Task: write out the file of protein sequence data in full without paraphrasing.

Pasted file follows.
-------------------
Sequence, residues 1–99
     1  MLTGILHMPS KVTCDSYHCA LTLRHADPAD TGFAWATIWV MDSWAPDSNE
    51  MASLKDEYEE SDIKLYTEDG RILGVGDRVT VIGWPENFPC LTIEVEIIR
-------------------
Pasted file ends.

Sequence, residues 1–99
     1  MLTGILHMPS KVTCDSYHCA LTLRHADPAD TGFAWATIWV MDSWAPDSNE
    51  MASLKDEYEE SDIKLYTEDG RILGVGDRVT VIGWPENFPC LTIEVEIIR